Article
citation information:
Chládek, P., Smetanová,
D., Krile, S. On some aspects of graph theory for optimal transport among marine ports.
Scientific Journal of Silesian University
of Technology. Series Transport. 2018, 101,
3745. ISSN: 02093324. DOI: https://doi.org/10.20858/sjsutst.2018.101.4.
Petr CHLÁDEK[1],
Dana SMETANOVÁ[2],
Srećko KRILE[3]
ON SOME ASPECTS OF
GRAPH THEORY FOR OPTIMAL TRANSPORT AMONG MARINE PORTS
Summary. This paper is devoted to the Travelling
Salesman Problem as applied to Czechoslovak ocean shipping companies and their
marine ports on the Black Sea. The shortest circular path around these ports is
found and discussed. Formulation of the problem accounts for the fact that
distances between the individual cities are not the same in both directions.
The consequences that arise from this situation are studied. The used
algorithms are based on graph theory and standard logistic methods. In
addition, the results are compared with the results obtained by using a minimum
spanning tree algorithm.
Keywords: Travelling Salesman Problem; graph
theory; minimum spanning tree;
marine ports
1. INTRODUCTION
The Travelling Salesman Problem (TSP) is
formulated as a task with a given set of cities and the paths between them. The
task is to find the shortest (most economical) path passing through all the
cities and returning to the starting point. The TSP is usually formulated using
concepts based on graph theory. Graph vertices represent cities, while graph
edges refer to individual paths between cities. In the traditional view, the
solution to the problem lies in finding a closed path (a circle) on a rated
(usually nonoriented) graph, cf. [1, 8]. Contrary to the classical case, our
method recognizes that distances
between individual cities are different when travelling in the opposite
direction. Such a situation is described by means of a closed path in an
oriented graph. The TSP remains a viable topic for study, cf. [2, 7, 1920].
The Czechoslovak
Ocean Shipping (COS) company was founded in 1959. During its existence, the
company was using 28 home ports in various countries. This paper is devoted to
the Black Sea region. In this area, the business interests of the company were
realized through seven marine ports (Braila, Galati, Reni, Izmail, Constanza, Varna, Burgas) in three
countries (Bulgaria, Romania, Ukraine). There are currently other transport
companies operating in the Czech Republic that engage in ocean shipping. These
include DSV Air & Sea s.r.o., Cargo IHL  International Shipping Company,
Multitrans CZ s.r.o. and Logex Logistics, s.r.o. These companies are represented
in most of the major world ports, including former home ports of COS. For the
history of Czechoslovak maritime shipping, see, e.g., [10, 15].
In line with the TSP principles, we search for
and also compare the shortest and longest paths from Prague, through all seven
ports and back to Prague. We assume that the trip from Prague to the Black Sea
area takes place by air, the journey then continues through the individual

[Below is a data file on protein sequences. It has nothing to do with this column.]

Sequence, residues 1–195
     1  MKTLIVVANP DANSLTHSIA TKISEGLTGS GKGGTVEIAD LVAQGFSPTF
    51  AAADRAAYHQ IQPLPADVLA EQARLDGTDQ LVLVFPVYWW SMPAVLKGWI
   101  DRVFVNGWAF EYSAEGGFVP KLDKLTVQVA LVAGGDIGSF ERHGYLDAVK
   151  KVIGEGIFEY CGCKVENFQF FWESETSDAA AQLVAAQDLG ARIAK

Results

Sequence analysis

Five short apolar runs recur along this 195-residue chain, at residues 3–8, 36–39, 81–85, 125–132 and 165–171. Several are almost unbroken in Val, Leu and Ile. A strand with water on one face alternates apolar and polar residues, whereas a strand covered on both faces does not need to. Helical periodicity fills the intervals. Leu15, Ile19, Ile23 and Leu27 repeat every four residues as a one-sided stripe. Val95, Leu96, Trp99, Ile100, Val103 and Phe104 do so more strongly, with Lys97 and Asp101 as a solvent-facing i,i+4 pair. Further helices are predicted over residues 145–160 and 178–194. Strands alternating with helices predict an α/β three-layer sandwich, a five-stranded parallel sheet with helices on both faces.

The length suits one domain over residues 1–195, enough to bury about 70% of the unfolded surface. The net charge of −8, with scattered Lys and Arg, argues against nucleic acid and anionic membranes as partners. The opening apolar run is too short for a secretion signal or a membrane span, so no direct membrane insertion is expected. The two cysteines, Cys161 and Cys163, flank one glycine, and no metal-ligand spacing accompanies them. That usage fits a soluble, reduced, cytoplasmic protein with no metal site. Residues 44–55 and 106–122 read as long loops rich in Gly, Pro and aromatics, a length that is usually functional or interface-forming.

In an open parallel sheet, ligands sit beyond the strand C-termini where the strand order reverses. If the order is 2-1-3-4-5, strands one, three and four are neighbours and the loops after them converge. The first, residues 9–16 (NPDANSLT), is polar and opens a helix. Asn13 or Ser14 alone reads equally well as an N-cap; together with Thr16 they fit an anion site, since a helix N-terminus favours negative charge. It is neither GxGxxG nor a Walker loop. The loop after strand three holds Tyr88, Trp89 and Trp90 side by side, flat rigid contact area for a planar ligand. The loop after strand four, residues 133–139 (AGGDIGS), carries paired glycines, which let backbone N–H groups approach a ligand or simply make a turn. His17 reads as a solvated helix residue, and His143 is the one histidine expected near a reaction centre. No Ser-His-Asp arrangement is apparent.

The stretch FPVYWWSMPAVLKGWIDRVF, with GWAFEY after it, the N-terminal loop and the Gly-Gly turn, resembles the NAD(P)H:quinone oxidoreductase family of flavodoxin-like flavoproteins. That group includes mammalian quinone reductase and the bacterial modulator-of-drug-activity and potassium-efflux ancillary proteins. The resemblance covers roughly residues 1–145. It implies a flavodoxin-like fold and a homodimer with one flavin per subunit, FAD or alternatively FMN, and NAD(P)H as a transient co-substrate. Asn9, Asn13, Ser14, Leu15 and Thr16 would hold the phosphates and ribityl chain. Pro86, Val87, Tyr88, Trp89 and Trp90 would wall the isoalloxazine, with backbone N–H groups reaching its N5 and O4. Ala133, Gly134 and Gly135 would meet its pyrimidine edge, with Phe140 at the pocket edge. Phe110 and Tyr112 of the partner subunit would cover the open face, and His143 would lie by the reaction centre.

ports and ends after a final return flight back to Prague. Given that, among
the cities in question, only Varna and Burgas had operational international
airports at the time COS existed,
these two locations necessarily become the second and the penultimate vertices on
our graph.
2. DATA AND METHODS
For calculating and finding the shortest
path, we are going to use the road distances between the ports listed in Table
1 and the air distances from Prague to the Black Sea. The air distance from
Prague to Varna (or from Varna to Prague) is 1,279 km and the air distance from
Prague to Burgas (or from Burgas to Prague) is 1,304 km.
Table
1
Shortest distances
(in km) [7]
Varna 
Burgas 
Constanza 
Izmail 
Reni 
Galati 
Braila 

Varna 
 
 
160 
438 
372 
349 
332 
Burgas 
 
 
290 
502 
436 
414 
393 
Constanza 
158 
288 
 
283 
217 
194 
178 
Izmail 
435 
503 
283 
 
66 
89 
111 
Reni 
369 
437 
217 
66 
 
23.3 
44.4 
Galati 
346 
414 
194 
89 
23.3 
 
21.5 
Braila 
330 
392 
177 
110 
44.6 
21.7 
 
We emphasize that, in most
theoretical tasks of this type, it is assumed that the distances between two
vertices A and B are the same in both directions: AB, BA. However, in the
case of real road traffic, these distances may be different (see Table 1). The
difference may be caused, for example, by oneway roads, highway connections
and city bypasses.
The transport problem is modelled
using a graph. All graphs represented in this article are finite, connected,
weighted and closed with oriented edges. The system of traffic routes can be
transformed into a graph in which vertices represent seaports, edges represent
transport routes and weights of edges represent the energy consumed while using
the means of transport (ship, car, airplane, train or something else) between
the respective two ports. To model this situation, we create a connected graph G=(V,E), where V is the set of n
vertices and E is the set of edges as
usual. The edges are weighted.
A Hamiltonian path is a path that
visits each vertex of the graph exactly once. A Hamiltonian cycle is a closed
path that visits each vertex exactly once (except for the vertex that is both